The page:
The Ukrainians, if they are to conduct offensive operations to take back their territory, will also need armoured personnel carriers and infantry fighting vehicles. Like the Russians, they have suffered significant losses to their armoured vehicle fleet over the past five months. Donations of 14 at a time from countries such as Australia is a small help. But the reality is that the Ukrainians need hundreds, and potentially thousands, if they are to successfully eject the Russians.
Counter-autonomy systems to destroy Russian and Iranian drones will be vital. Ukraine needs more of these anti-drone systems to degrade the Russian targeting for artillery, as well as deny them use of suicide drones.
Concurrently, NATO must work on a more standardised equipment set (especially artillery and armoured vehicles). The Ukrainians have some of every type of Western artillery system — this will be an increasing trading and logistic burden. If NATO can agree on a single system, rapidly produce them (and their ammunition), that would assist greatly. It might provide a timely boost for defence industry in the West.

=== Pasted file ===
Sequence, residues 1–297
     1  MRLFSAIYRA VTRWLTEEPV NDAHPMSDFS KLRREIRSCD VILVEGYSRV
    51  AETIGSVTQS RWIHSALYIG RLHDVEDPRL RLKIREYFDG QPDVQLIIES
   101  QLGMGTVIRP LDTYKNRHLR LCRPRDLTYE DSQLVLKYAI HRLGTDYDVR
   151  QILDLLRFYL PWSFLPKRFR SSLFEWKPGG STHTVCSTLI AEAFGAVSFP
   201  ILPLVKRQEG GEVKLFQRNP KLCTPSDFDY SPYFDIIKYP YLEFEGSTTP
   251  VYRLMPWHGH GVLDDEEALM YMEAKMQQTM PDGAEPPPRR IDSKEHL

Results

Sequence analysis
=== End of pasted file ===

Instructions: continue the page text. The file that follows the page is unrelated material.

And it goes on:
Finally, the West needs to stand by its commitments to support Ukraine. Backsliding on military assistance commitments, or on political support as inflation rises, may be expedient for some. But in the end, it will only assist Putin and embolden other authoritarian regimes who already doubt the commitment of democracies to defend democracy.
In the TV series Band of Brothers, the ninth episode was called Why We Fight. The centrepiece of the episode was American soldiers discovering a small Nazi concentration camp. The message was that despite the sacrifices of the Allies, it had all been worthwhile to destroy a regime capable of such behaviour. The horror of these camps, and desire to avoid the systemic way in which Germany carried out the attempted extermination of Jews and other groups, has shaped European politics since.
The war in Ukraine provides the West with the clearest example since the end of World War II of a war of good versus evil. The appalling, systemic and sickening acts of the Russian army – clearly sanctioned by a Russian government that awarded medals to the unit accused of the atrocities in Bucha – should be a clarion call for nations in the West.
We have a moral obligation to help Ukraine win this war as quickly as possible. If we aren’t willing to do all we can to support Ukraine to defeat Russia and end these large-scale breaches of international law and human decency, what are we willing to defend?